By Joe Cohen
Standard-Times Staff Writer
New Bedford – The city’s economic development cheerleaders put their best faces on Thursday as developers and real estate investors toured the harbor, downtown and New Bedford Business Park in a highly organized push to boost investment in the city.
MassDevelopment – the quasi-public entity that has underwritten a number of SouthCoast projects – and the New Bedford Economic Development Council teamed to bring in potential investors and developers, along with organizations that already have projects under way in the city. Their goal was that one of the many buildings or sites shown would trigger new interest followed by new investment.
The morning-long event, titled the New Bedford Developer Conference, brought out about 115 people, roughly two-thirds of whom were developers, investors or businesspeople. That group was about evenly split between people with existing local connections and those who were visiting the city on business for the first time, according to Matthew A. Morrissey, executive director of the New Bedford Economic Development Council. The remainder of those attending included MassDevelopment and city officials, elected officials and media.
The event began with a New Bedford-Fairhaven Harbor tour aboard one of the New England Fast Ferry Co. vessels that cruised out of the harbor and around Clarks Cove before heading back. During the boat trip, Mr. Morrissey and Port Director Kristin Decas provided an ongoing narrative about sites along the harborfront, including the NStar/Sprague Oil site, the Shuster site, Berkshire-Hathaway and the former Smuggler’s Den. During the time in Clarks Cove, they pointed out the Madewell site and the University of Massachusetts marine science center, along with popular tourist sites such as the forts and lighthouses.
Following the boat tour, a walking tour that crossed Route 18/JFK Memorial Highway into the historic district led to the New Bedford Whaling Museum. There, officials laid on the sales pitch accompanied by light refreshments in the ambiance of the museum’s Jacobs Family Gallery, where the skeleton of a huge whale is suspended from the ceiling. The pitch included references to a range of development sites, some already pointed out and others offered anew for consideration.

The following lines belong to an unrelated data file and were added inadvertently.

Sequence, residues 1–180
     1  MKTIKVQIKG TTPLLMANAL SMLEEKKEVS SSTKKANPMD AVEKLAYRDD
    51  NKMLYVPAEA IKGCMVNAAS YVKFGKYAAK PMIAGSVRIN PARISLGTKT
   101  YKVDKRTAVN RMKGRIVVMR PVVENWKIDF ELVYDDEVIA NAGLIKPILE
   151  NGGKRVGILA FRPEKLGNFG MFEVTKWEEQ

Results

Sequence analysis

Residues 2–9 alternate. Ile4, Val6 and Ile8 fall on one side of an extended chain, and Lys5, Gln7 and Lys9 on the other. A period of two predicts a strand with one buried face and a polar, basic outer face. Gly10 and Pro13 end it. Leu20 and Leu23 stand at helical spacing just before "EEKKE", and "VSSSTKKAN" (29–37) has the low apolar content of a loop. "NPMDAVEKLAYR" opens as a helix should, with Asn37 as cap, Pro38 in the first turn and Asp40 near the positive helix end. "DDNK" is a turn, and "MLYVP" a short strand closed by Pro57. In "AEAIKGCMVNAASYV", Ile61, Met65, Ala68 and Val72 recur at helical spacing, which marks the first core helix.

Robert L. Culver, president and CEO of MassDevelopment, used the surroundings to set the stage for his remarks. “Look up,” he told those seated at round tables. “New Bedford has great bones.” Then changing to a more serious note, he laid out what he perceived as the city’s advantages, including available, affordable housing, good transportation links, its work force and waterfront.
Mr. Culver said New Bedford has been held back by pollution and other problems, most of which have been addressed. “There are always issues in development,” Mr. Culver said, adding that the city has its solutions in place.
Sen. Mark C.W. Montigny was unabashed in his enthusiasm for his hometown. “I love it,” he said. “Look at it with an eye to investment. There are very few places with the opportunity and beauty. It is still in the rare stage where your investment can be leveraged.”
“It’s a simple numbers game. Crunch the numbers,” Sen. Montigny said. “We understand you don’t just want to come to town to throw money around.”
He said developers and investors also do not have to worry about influence peddling or possible corruption, promising “open” government and “no sweetheart deals.”
Mayor Scott W. Lang reiterated that point. “You don’t have to see anybody. Tell us how we can help you. If it is good for New Bedford, we’ll help you. We’ll do anything we can to build this economy and jobs.”
After the session at the Whaling Museum, attendees were offered the choice of a walking or bus tour of the city’s downtown or a bus trip to the New Bedford Business Park in the North End.
This was the second development event of its kind run by MassDevelopment, officials said, with the first in Springfield.
“It was time well spent,” Mr. Morrissey said. “We never lose by highlighting our city’s tremendous strengths and encouraging new investment that can lead to jobs and growth.”
By Joe Cohen